Children’s systems telling and the story of a meatball’s social-ecological system : A narrative approach to systems thinking in early childhood education for sustainable development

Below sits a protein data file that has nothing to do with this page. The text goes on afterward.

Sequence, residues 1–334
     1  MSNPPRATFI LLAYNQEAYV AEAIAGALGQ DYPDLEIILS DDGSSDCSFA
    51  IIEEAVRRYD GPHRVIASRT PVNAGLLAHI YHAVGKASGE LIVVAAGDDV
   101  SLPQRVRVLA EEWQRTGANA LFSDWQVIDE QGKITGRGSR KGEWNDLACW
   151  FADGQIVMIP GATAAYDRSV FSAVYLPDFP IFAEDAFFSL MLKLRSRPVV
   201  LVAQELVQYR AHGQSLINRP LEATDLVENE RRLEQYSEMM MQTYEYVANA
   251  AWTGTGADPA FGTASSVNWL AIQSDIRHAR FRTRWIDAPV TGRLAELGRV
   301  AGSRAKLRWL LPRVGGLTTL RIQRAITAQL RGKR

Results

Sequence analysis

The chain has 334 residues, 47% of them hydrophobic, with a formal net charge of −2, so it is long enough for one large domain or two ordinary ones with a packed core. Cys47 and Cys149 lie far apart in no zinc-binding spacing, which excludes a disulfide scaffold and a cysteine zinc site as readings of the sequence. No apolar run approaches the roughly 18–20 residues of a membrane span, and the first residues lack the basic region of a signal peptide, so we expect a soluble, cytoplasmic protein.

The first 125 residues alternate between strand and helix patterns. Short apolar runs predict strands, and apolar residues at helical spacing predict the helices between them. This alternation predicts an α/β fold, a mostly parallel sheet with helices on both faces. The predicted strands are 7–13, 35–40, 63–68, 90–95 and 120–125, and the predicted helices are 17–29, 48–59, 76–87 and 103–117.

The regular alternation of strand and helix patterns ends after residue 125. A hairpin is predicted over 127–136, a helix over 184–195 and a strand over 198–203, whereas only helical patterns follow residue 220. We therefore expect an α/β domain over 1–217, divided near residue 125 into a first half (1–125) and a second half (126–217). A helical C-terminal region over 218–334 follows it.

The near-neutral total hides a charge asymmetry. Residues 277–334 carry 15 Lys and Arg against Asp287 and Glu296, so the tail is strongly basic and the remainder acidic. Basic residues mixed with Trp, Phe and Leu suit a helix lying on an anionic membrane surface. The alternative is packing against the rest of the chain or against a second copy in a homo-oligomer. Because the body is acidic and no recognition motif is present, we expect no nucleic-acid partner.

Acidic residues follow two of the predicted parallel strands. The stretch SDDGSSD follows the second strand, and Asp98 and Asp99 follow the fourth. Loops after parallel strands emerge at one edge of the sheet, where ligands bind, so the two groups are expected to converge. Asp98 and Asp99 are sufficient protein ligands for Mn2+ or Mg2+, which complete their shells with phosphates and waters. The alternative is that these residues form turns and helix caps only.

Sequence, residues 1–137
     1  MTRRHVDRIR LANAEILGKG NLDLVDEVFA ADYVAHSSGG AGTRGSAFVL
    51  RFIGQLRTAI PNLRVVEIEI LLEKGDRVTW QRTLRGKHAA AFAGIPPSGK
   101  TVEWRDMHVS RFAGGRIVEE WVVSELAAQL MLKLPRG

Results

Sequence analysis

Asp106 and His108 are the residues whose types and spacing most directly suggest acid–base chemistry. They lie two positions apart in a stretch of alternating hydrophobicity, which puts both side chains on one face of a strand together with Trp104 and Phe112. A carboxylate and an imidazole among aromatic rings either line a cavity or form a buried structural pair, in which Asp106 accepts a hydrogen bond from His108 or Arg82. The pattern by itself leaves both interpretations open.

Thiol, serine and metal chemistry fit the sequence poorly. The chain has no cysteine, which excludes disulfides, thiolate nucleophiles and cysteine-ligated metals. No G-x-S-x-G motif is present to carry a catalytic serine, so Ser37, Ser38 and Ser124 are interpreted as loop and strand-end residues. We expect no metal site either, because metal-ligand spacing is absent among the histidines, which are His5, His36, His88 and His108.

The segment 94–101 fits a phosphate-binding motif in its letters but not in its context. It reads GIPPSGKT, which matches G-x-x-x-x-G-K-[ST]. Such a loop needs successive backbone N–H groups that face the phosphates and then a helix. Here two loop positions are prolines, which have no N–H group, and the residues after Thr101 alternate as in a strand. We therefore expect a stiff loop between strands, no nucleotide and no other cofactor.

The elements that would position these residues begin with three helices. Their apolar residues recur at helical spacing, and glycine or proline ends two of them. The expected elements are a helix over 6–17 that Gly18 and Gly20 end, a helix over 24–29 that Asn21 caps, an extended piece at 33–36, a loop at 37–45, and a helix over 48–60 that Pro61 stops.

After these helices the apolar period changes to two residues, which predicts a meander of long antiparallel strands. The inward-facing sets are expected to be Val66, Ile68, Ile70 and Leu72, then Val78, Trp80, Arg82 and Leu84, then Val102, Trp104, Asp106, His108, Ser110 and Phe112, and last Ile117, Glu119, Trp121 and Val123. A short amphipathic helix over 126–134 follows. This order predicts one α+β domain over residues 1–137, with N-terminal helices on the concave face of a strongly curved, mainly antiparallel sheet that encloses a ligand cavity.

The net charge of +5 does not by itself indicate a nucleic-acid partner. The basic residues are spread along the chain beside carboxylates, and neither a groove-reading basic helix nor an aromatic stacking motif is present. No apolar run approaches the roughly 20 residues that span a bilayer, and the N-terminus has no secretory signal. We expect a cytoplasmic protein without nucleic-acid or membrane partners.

Abstract: The aim of this thesis is to investigate how young children’s narration of an everyday object, the meatball, is a beneficial approach to systems thinking and if something emerges that could be useful in education for sustainable development in early childhood education. In a world of complexities, our role as participants in systems encompassing food, energy and waste is neglected in favor of drawing attention to individual events. Systems thinking is about understanding complexity, a key aspect of the resilience approach to sustainable development. Research shows valuable return-on-investments from early childhood education for sustainable development, but the field lack academic attention. The research method is case studies at pre-schools based on narrative inquiry. The study creates situations where children explore their own boundaries. Findings show that humans are largely missing from the children’s social-ecological system and a difference in the approach of acknowledging uncertainty vs. imaginary explanations to phenomena surrounding a meatball. It finds that zooming out from one familiar object is a simple way to introduce systems thinking in early childhood education and that narration is a useful approach to identify knowledge gaps.
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